Smart JDM launchpad

New JDM / PICkit development tool for interfacing just what you need

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Universal programming/debugger and launchpad capable of interfacing with PICkit and with some other tools.

The Idea:

    Of course, there are a lot of other programmer/ debugger tools these days that you can buy for a few dollars but what about when you need to have a tool that you can use in multiple conditions. I was thinking of being able to have the same launchpad that I could use for both JDM programming for some old serial memory and for interfacing it with the PICkit or some other microchip dedicated tool. In this way, I would't have to create a test breadboard circuit every time I want to program something using my PICkit.


   I saw a lot of JDM tools and schematics, but I did not wanted to have something that gives those unending errors. I remembered a few years ago when I was starting a new PIC project, I had to spent half of a day to diagnose my PIC programmer and to see what is wrong whit it and then suddenly, It would start to work like magic and I could't explain this behavior. So I needed something reliable. I needed to use the MAX232 to make sure the signal levels are steady and every thing will go smoothly every time I try to program an old device.

   Another challenge was that I wanted to have my PICkit connected to this launchpad from time to time and I had to come up with a way to have every thing hooked up.

Would even do a PICkit clone?

   I have a Chinese PICkit 3 clone and I remember struggling a lot to make it connect in the first place. After a while, I caught the secret of connecting it in a very efficient manner and since is not so complicated at all and it only takes a couple of minutes, I made a tutorial video to show others how to do it. 


Layout and schematic file for the Smart JDM programmer. To be opened with DIPtrace

dip - 224.75 kB - 11/07/2017 at 23:36


  • 1 × 7805 Connectors and Accessories / Miscellaneous Connectors
  • 1 × 7812 Power Management ICs / Linear Voltage Regulators
  • 5 × 1uF capacitors
  • 1 × BC557 transistor
  • 1 × 2n2222 Discrete Semiconductors / Transistors, MOSFETs, FETs, IGBTs

View all 27 components

View all 2 project logs

  • 1
    Quick description

    1. Power switch for the launchpad half 

    2. DC connector for the input voltage

    3. RS232 connector for the JDM programmer

    4. Output connectors for the PORTB pins

    5. input connector for the PICkit programmer/ debugger 

    6. Programming socket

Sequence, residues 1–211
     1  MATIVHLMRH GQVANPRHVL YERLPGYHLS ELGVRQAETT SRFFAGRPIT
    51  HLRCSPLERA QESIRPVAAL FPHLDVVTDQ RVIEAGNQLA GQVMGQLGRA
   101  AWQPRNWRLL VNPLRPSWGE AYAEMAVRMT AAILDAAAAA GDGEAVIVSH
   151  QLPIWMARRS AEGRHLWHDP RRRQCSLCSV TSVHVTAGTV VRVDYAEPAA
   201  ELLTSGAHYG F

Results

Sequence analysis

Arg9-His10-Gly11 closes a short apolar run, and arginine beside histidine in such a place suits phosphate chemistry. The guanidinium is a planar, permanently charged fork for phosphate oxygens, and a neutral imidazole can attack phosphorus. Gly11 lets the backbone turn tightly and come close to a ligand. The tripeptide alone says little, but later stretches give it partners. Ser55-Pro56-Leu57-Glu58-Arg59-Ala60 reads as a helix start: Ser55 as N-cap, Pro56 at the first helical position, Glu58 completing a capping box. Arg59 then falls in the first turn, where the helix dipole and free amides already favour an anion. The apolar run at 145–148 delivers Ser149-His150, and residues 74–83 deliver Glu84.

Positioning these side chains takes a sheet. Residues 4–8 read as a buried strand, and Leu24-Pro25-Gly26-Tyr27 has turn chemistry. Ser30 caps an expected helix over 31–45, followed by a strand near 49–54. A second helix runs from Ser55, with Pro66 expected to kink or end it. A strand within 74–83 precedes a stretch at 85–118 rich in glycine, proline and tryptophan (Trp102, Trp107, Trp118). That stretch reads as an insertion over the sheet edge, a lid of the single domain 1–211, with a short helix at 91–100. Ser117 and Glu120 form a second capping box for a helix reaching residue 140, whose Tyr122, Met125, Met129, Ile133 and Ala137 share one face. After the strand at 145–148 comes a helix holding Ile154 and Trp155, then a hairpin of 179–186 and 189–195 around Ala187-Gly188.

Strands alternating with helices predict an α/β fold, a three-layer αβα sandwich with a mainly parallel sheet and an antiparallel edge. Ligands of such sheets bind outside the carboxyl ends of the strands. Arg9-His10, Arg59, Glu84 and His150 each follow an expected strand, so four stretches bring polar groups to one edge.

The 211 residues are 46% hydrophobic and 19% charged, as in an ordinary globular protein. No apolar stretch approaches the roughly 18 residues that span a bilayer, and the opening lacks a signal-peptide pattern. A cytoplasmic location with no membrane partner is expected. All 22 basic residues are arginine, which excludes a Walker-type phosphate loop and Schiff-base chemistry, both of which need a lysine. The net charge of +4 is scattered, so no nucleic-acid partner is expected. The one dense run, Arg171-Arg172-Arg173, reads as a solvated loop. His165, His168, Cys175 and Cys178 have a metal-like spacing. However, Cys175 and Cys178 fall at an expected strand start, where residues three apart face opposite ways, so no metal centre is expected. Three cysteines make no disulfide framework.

7. IR sensor 

    8. ADC input pot

    9. I/O to ADC switch

    10 PORTA pins busbar connector 

    11. PORTA switches

    12. Power LED

    13. PORTB LEDS 

    14. Launchpad socket 

  • 2
    Have fun blinking some LEDs

    I also posted a couple of tutorials for the sake of old times explaining how to write a short ASM code and how to program it into a PIC16F628 MCU and blink some LEDs. Only for those who are interested:

  • 3
    IC-rog settings for using it as a JDM programmer

    when the above message appears, go to the Hardware settings and select the following

    make sure to check the Enable NT/2000/XP driver tick box. 

View all 5 instructions

Enjoy this project?



Yann Guidon / YGDES wrote 05/29/2023 at 17:16 point

It's almost retro :-)

  Are you sure? yes | no

Marius Taciuc wrote 05/29/2023 at 17:58 point

Totally. Although this project was created in 2017, it's beginnings are earlier than that. I could find earlier versions of the schematic and some previous breadboard attempts. 

  Are you sure? yes | no

Yann Guidon / YGDES wrote 05/29/2023 at 18:38 point

I made my first JDM in 2003 or 2004...

Oh the memories.

  Are you sure? yes | no

Marius Taciuc wrote 11/09/2017 at 13:09 point

Yeah... Old memories. I was using pitch mixed in D500 paint solvent as an etch resistant two decades ago to make my first PCBs. I was also having a custom made pen.

  Are you sure? yes | no

Martin wrote 11/09/2017 at 12:59 point

Yes, indeed. Although I could not or did not want to afford FR4 Epoxy material as a school boy. I used some ivory colored FR2 or FR3 material (or sometimes the brown one) and rub on symbols for the ICs and mostly painted the traces with an etch resistant pen. A one-off PCB but I preferred it to perf-board.

Now I prefer SMD components and thanks to OSHpark and dirtyPCB plated vias are also affordable.

  Are you sure? yes | no

Martin wrote 11/09/2017 at 08:00 point

From the appearance this reminds me of my electronics projects (e.g. EPROM programmer) in the 1980ies. :-) Through hole components! The IC sockets!

  Are you sure? yes | no

Marius Taciuc wrote 11/09/2017 at 12:52 point

...and single layer PCB.      :P  cheers, mate! 

  Are you sure? yes | no

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